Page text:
Senator Deb Fischer introduced a new bill known as the “Stop EV Freeloading Act” that aims to impose tariffs on the sale of electric vehicles (EV) in the United States. Under this bill, a $1,000 fee would be imposed at the time of purchase of electric cars, as well as an additional $550 fee on heavy-duty batteries. The purpose of these fees is to replace the lost revenue from fuel taxes that would have contributed to internal combustion engine vehicles.
Senator Fischer argued that it would be unfair to make drivers of non-EV vehicles bear the financial burden of those who choose to drive electric vehicles. The bill received support from Senators Pete Ricketts, John Cornyn and Cynthia Lummis.
The move comes as federal and state officials explore alternative revenue sources to offset highway trust funding shortfalls. Some of the options considered include the launch of tolls, the implementation of fees at EV charging stations and the introduction of a mile driven tax.
In another development, the price of oil increased by $20 per barrel since June. However, Goldman Sachs analysts believe these price increases will not affect US consumer spending or GDP growth. The bank said that the increase in the price of oil is relatively small compared to previous years, and the low price of electricity can partially offset any negative effects. Additionally, the Federal Reserve is unlikely to tighten policy in response to higher rates.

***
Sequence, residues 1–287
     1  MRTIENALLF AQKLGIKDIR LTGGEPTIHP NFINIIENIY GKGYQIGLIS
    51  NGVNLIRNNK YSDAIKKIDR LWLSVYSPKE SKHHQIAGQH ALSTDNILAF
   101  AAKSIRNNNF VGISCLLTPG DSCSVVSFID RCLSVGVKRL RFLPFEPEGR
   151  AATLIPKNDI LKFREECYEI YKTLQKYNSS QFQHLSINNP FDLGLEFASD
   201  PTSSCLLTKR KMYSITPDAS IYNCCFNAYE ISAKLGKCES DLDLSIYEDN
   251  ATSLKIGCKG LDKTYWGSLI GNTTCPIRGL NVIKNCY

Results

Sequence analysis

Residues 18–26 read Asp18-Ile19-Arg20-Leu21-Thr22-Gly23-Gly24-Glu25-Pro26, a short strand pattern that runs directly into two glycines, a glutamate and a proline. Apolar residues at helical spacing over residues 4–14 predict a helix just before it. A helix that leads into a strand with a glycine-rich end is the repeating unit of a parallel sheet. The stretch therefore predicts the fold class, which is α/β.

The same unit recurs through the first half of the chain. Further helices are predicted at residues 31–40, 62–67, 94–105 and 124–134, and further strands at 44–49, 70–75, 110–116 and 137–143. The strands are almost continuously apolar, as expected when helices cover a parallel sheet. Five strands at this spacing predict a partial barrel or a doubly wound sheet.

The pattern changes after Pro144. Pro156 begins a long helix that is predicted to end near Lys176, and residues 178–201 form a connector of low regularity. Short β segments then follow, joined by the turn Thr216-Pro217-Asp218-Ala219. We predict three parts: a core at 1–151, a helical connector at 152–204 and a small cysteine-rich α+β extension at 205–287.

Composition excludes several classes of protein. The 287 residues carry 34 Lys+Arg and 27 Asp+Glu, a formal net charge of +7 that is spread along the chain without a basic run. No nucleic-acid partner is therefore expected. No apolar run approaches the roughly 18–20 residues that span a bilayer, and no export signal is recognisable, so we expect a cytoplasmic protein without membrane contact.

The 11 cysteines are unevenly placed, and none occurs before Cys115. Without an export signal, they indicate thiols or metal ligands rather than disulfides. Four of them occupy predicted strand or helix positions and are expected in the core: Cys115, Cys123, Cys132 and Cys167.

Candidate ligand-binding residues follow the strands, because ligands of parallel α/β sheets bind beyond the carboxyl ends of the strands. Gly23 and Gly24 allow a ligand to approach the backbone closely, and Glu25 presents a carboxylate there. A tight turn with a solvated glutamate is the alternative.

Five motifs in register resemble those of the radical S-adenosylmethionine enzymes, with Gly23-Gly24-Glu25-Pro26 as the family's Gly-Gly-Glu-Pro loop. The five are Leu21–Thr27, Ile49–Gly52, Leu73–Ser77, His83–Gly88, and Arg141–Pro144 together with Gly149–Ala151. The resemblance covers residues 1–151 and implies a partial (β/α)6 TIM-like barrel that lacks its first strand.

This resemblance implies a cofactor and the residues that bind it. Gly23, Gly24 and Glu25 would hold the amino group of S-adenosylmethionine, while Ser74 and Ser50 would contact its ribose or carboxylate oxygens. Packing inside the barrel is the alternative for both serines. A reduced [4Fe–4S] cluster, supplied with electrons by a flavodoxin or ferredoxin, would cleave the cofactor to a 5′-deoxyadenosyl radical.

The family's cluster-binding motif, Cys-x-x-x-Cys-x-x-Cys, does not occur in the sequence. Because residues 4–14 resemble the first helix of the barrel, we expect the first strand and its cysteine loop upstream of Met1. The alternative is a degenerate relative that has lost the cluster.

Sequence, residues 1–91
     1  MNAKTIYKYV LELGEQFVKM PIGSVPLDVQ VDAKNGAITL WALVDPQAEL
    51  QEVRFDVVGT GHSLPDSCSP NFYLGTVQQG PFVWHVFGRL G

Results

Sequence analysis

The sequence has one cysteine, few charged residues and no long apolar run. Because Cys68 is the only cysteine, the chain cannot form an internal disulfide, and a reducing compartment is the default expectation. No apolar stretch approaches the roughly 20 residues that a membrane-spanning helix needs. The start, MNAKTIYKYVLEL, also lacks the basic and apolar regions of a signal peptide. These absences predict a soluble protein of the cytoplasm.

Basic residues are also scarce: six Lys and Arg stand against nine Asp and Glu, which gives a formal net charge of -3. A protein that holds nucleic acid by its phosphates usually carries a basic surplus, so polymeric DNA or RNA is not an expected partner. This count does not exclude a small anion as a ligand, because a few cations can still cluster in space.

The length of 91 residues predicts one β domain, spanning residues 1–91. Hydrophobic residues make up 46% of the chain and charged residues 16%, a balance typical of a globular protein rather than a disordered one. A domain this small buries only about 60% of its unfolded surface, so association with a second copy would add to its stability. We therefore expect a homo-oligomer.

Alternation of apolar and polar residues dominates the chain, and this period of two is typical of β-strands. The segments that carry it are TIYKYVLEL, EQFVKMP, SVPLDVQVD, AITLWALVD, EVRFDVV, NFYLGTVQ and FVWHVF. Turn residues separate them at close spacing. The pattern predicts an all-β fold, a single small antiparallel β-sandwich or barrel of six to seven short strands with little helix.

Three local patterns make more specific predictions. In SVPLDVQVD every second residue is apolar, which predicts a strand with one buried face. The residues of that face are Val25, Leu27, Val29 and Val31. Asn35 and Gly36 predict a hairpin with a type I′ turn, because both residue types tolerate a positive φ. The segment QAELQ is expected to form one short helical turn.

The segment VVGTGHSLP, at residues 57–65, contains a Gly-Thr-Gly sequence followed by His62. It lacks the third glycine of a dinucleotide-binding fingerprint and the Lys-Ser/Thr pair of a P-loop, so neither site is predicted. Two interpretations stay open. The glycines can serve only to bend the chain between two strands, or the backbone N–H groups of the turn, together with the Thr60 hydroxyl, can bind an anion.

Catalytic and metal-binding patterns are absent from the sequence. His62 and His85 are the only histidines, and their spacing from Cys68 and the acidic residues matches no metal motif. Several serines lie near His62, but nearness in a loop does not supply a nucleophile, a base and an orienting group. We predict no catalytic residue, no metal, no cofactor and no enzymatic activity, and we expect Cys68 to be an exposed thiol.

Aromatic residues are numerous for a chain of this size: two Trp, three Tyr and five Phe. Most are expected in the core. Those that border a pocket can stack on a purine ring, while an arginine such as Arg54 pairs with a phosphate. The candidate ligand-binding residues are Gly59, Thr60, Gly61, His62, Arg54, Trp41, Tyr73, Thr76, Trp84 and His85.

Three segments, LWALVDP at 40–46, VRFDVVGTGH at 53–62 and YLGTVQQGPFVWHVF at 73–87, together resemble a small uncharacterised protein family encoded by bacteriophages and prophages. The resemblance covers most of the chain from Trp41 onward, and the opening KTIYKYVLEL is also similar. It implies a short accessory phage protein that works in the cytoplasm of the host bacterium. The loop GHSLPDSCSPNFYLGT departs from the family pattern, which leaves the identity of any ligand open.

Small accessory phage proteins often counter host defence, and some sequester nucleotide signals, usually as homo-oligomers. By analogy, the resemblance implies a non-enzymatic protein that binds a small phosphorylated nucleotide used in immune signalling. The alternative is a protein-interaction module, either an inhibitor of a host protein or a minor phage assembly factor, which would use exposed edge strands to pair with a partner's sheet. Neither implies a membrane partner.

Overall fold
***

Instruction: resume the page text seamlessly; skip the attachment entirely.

Meanwhile, President Joe Biden and former President Donald Trump are scheduled to visit Detroit this week as they seek to build support from union-bound voters ahead of the 2024 presidential election.
In the field of energy geopolitics, the heads of Russian energy companies Gazprom and Rosneft will accompany President Vladimir Putin on his trip to China in October. This visit comes as Moscow and Beijing are negotiating the construction of the Power of Siberia-2 natural gas pipeline.
In Europe, the European Union’s top energy official, Ditte Juul Jørgensen, said the bloc would continue to rely on US fossil fuels as it sought to diversify away from Russian natural gas and expand the sector. renewable energy. Despite concerns from environmental groups and politicians about the impact of climate goals, Jørgensen emphasized the need for US energy in the EU’s energy mix in the coming decades.
Finally, EU leaders agreed to adopt a modified version of the proposed car emissions plan in the bloc. The plan, known as “Euro 7”, faces opposition from eight member countries who fear the proposed regulations will drive away investment from the electric vehicle industry. Italy, the Czech Republic, France and five other countries are advocating for weaker rules to protect EV development and investment.